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Anas platyrhynchos

Photo: Mallard
Weights and measures
Height at the shoulder from 50 to 60 cm
Weight from 690 to 1300 g
Wingspan from 89 to 95 cm
Animal description
The Mallard (Anas platyrhynchos) is a medium-sized waterfowl species that is arguably the most familiar and widespread duck on the planet. This bird belongs to the family Anatidae, which includes ducks, geese, and swans. The Mallard's adaptability to various habitats and climates, along with its ease around human activity, has contributed to its prevalence across the globe. It is found in a wide range of wetlands, including parks, small ponds, rivers, lakes, and estuaries, as well as in various wild and urban environments.

Physically, the Mallard is an easily recognizable bird, particularly due to the striking sexual dimorphism (differences in appearance between the sexes) it displays. Males, known as drakes, sport a glossy green head, white neck ring, chestnut-brown chest, gray body, and a distinctive yellow bill. During the breeding season, their plumage is particularly vibrant, making them stand out among the reeds and water. In contrast, females and juveniles are mottled brown with orange-and-brown bills, a coloration that provides excellent camouflage among the marshes and lakesides where they nest. Both sexes have blue-purple speculum feathers, bordered by white, visible in flight or when they stretch their wings.

Mallards are dabbling ducks, which means they feed mainly at the surface rather than diving underwater. Their diet is omnivorous, consisting of a wide variety of plant material, aquatic invertebrates, small fish, and insects. This adaptability in feeding habits is another key to their success as a species.

Breeding season for Mallards is in the spring, and their nesting habits are as adaptable as their diet. Females lay an average of 8 to 13 eggs, which are incubated for about 28 days. The nest is typically a shallow depression on the ground, lined with plant material and down feathers, located in concealed vegetation not far from water. Once the ducklings hatch, they are led to water by their mother and are capable of feeding themselves almost immediately, though they remain under her care for protection against predators.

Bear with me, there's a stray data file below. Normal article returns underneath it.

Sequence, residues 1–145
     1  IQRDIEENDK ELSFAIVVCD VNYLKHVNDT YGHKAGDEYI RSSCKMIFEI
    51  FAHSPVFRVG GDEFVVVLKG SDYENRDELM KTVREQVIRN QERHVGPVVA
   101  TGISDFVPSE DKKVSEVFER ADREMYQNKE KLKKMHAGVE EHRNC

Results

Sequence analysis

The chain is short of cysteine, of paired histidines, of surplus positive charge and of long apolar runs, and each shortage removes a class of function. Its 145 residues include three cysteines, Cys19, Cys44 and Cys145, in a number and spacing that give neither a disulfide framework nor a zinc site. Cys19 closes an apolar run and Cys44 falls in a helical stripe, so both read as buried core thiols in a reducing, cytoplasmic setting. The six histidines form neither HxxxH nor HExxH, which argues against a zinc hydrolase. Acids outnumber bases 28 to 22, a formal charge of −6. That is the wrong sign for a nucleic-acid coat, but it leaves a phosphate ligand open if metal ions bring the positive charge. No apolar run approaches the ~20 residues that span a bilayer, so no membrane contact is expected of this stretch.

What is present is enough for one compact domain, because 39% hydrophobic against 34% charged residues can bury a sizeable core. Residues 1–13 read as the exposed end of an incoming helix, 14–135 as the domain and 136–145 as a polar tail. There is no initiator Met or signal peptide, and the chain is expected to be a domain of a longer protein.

Mallards are highly social birds outside of the breeding season, often forming large flocks on water bodies. Their quacking, particularly the females' loud "quack" sounds, is one of the most recognizable bird sounds. In contrast, the males produce softer, raspier sounds.

As a species, Mallards have played a significant role in the domestication of ducks, being ancestors to most breeds of domestic ducks. Their widespread presence across North America, Europe, Asia, and even parts of Africa, has made them a focal point for conservation efforts, particularly in regions where habitat destruction and pollution threaten waterfowl populations. Despite these challenges, the Mallard's adaptability has allowed it to maintain a stable population, and it is currently classified as Least Concern by the International Union for Conservation of Nature (IUCN).

The Mallard's ecological role extends beyond being a key species in wetland habitats; they are also a vital link in the food chain, serving as prey for a variety of predators, including humans. Hunting Mallards is a popular sport in many parts of the world, managed by regulations to ensure sustainable populations. Moreover, their interactions with other duck species are of scientific interest, particularly their ability to hybridize with closely related species, which has implications for biodiversity and genetic conservation.

In summary, the Mallard is a fascinating and adaptable bird, embodying the resilience and complexity of wetland ecosystems. Its widespread presence across the globe, striking appearance, and ecological significance make it an emblematic species of the avian world.
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